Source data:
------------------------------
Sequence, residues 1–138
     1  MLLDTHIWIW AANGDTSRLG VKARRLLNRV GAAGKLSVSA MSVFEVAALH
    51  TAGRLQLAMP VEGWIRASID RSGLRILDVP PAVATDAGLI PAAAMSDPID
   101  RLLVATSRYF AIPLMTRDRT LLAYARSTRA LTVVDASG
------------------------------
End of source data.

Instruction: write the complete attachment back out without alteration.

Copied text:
Sequence, residues 1–138
     1  MLLDTHIWIW AANGDTSRLG VKARRLLNRV GAAGKLSVSA MSVFEVAALH
    51  TAGRLQLAMP VEGWIRASID RSGLRILDVP PAVATDAGLI PAAAMSDPID
   101  RLLVATSRYF AIPLMTRDRT LLAYARSTRA LTVVDASG